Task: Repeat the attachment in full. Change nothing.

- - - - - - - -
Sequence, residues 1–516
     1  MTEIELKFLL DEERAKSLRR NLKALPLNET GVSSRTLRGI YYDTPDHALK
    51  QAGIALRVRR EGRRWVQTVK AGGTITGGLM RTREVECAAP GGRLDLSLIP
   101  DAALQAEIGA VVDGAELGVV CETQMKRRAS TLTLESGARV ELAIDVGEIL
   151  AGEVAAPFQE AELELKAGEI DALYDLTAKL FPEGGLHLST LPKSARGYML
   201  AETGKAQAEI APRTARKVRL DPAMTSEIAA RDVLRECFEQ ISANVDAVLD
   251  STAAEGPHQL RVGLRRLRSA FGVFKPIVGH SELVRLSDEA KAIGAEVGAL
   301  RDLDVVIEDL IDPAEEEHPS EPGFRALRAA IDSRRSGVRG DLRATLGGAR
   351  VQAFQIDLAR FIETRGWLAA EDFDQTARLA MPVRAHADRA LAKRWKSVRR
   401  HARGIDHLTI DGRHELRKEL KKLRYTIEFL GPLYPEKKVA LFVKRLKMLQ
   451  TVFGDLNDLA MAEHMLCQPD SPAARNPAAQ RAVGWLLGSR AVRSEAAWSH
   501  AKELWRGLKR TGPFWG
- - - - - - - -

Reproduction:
Sequence, residues 1–516
     1  MTEIELKFLL DEERAKSLRR NLKALPLNET GVSSRTLRGI YYDTPDHALK
    51  QAGIALRVRR EGRRWVQTVK AGGTITGGLM RTREVECAAP GGRLDLSLIP
   101  DAALQAEIGA VVDGAELGVV CETQMKRRAS TLTLESGARV ELAIDVGEIL
   151  AGEVAAPFQE AELELKAGEI DALYDLTAKL FPEGGLHLST LPKSARGYML
   201  AETGKAQAEI APRTARKVRL DPAMTSEIAA RDVLRECFEQ ISANVDAVLD
   251  STAAEGPHQL RVGLRRLRSA FGVFKPIVGH SELVRLSDEA KAIGAEVGAL
   301  RDLDVVIEDL IDPAEEEHPS EPGFRALRAA IDSRRSGVRG DLRATLGGAR
   351  VQAFQIDLAR FIETRGWLAA EDFDQTARLA MPVRAHADRA LAKRWKSVRR
   401  HARGIDHLTI DGRHELRKEL KKLRYTIEFL GPLYPEKKVA LFVKRLKMLQ
   451  TVFGDLNDLA MAEHMLCQPD SPAARNPAAQ RAVGWLLGSR AVRSEAAWSH
   501  AKELWRGLKR TGPFWG